Smaller pharmacy benefit management companies, rarely in the spotlight, are urging Congress not to fundamentally alter the way prescription drugs are paid for in the U.S.
As the Trump administration advocates banning rebates under Medicare and Medicaid, these lower-profile PBMs aim to convince lawmakers not to junk the entire system. They say Congress should start by examining business models other than just of the nation's largest PBM players.
The assumption on the Hill is that all rebates are bad — and that's not the case, according to the Alliance of Community Health Plans, which represents some of the smaller PBMs, including Wisconsin-based Navitus, Pharmacy Benefit Dimensions and SelectHealth as well as Geisinger Health Plan and Kaiser Permanente.
ACHP hit the Hill last month with these companies, which represent more than 6 million people, hoping to persuade lawmakers that not all PBMs are alike.
"We encourage the Administration to consider these innovative, alternative PBMs and pursue policies that encourage fully transparent models that do not operate in the shadows," ACHP President and CEO Ceci Connolly said in a statement.
PBMs, the largest of which are now owned by payers like Cigna and UnitedHealth Group, have long argued rebates are an important tool to lowering prices. PBMs use their size (the number of members they cover) to negotiate rebates or discounts with drug manufacturers. Drug manufacturers want their drugs easily accessible to the greatest amount of patients, so they offer rebates in exchange for favorable placement on a preferred tier.
But PBMs have come under fire for their role in rising drug prices as reports emerge showing the myriad ways they make money — often without their customers' knowledge, though they have said they are transparent with their clients. Drugmakers have also successfully sought to deflect the blame for high list prices onto PBMs.
An investigation by the Columbus Dispatch in Ohio found that PBMs often use spread pricing — a practice in which they get more money from taxpayer-funded health plans by charging the health plans one price for drugs but reimbursing the pharmacies a different price. PBMs benefit from higher list prices set by drug manufacturers because they retain a percentage of rebates.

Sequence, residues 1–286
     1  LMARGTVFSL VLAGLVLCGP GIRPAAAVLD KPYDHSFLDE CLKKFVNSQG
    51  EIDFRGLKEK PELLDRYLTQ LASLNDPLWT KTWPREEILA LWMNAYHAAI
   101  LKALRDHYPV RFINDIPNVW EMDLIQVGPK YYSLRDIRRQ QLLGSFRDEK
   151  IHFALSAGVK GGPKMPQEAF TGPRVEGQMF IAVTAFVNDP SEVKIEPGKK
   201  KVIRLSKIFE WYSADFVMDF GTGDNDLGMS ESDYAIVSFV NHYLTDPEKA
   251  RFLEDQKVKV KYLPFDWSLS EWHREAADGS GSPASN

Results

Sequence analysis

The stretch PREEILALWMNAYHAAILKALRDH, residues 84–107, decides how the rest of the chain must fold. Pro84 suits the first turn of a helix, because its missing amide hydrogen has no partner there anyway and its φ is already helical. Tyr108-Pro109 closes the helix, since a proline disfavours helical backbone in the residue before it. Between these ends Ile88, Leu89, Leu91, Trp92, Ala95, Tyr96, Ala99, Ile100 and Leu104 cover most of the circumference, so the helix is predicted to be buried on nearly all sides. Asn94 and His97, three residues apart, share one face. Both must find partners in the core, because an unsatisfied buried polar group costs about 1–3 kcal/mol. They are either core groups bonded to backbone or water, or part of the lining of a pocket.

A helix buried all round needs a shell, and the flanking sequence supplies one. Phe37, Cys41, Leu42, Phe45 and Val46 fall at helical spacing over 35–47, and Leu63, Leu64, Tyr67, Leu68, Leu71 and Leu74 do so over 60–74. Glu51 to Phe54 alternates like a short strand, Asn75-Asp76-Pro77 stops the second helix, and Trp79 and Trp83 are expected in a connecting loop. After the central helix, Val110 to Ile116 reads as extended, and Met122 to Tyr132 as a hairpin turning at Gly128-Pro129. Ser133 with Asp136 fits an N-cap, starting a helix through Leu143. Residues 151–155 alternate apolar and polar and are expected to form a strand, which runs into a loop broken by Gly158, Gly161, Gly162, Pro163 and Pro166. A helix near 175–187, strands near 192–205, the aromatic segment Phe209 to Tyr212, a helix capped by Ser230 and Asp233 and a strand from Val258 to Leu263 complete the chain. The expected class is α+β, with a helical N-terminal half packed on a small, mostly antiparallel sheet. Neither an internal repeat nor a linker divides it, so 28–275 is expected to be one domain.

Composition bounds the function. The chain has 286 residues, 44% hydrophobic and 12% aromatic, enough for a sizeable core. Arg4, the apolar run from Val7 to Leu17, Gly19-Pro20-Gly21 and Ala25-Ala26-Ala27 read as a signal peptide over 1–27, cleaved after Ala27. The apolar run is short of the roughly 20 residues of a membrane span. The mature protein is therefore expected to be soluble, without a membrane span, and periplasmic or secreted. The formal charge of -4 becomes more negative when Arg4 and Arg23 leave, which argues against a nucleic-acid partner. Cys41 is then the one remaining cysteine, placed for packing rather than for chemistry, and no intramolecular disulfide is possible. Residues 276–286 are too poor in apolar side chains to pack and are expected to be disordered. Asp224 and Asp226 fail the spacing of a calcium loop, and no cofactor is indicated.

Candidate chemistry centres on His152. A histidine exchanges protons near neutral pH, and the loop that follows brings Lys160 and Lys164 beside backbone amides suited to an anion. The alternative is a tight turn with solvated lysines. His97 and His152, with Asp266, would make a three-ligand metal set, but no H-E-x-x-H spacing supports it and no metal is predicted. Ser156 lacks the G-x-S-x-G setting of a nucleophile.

Over the years, as employers became aware of these arrangements, they have demanded greater pass-through of rebates, Geoffrey Joyce, a health economist at University of Southern California School of Pharmacy, told Healthcare Dive. He is also director of health policy at USC Schaeffer Center.
Because the PBMs are contractually obligated to pass on a certain percentage of rebates to the clients, they frequently disguise rebates or call them something else, Joyce said.
The National Business Group on Health surveyed 170 large employers, and a significant portion said they weren't effective at decreasing drug spend.
"Three in four employers do not believe drug manufacturer rebates are an effective tool for helping to drive down pharmaceutical costs and over 90% would welcome an alternative to the rebate-driven approach to managing drug costs," the survey said.
The rebates and pricing spreads create perverse incentives for PBMs, ACHP said.
The Trump administration has targeted eliminating rebates as a way to lower drug prices. Instead of a PBM receiving a rebate, HHS proposed a rule that would move the discounts to the point of sale, or the pharmacy counter when patients pick up prescriptions. The proposed rule would affect those in Medicare Part D plans and Medicaid. "Congress has more power to prohibit rebates in commercial insurance," HHS said in a report.
Senator Chuck Grassley, R-Iowa, is considering legislation that would cap seniors' out-of-pocket spend in Medicare Part D, a spokesman for his office confirmed.
But many Congressional lawmakers aren't aware there's a different way to perform PBM services, Brent Eberle, chief pharmacy officer for Navitus, told Healthcare Dive.
Navitus' model is different from the traditional PBM model. Instead of taking a percentage of rebates Navitus says it passes all of the money it receives from drug manufacturers back to clients. The company makes money by charging clients up-front administrative fees.
Indeed, Navitus' profitability and revenue "would not be impacted at all if rebates go away," Eberle, who testified before a House committee last week, said.
But even though the disappearance of rebates wouldn't affect Navitus' bottom line, the company says consumers — including its clients — would be adversely affected because their drug costs would likely increase if rebates ended, creating the opposite effect of the administration's intended changes.
A recent report from the Congressional Budget Office cast doubt on whether nixing rebates would lower drug prices. CBO also predicted federal spending on Medicare and Medicaid together would increase by $177 billion over the next decade if the proposal is enacted. Rebates are used to help lower the premiums for the pool of insured individuals, and, without the rebates to drive down those costs, premiums are expected to rise, according to the agency.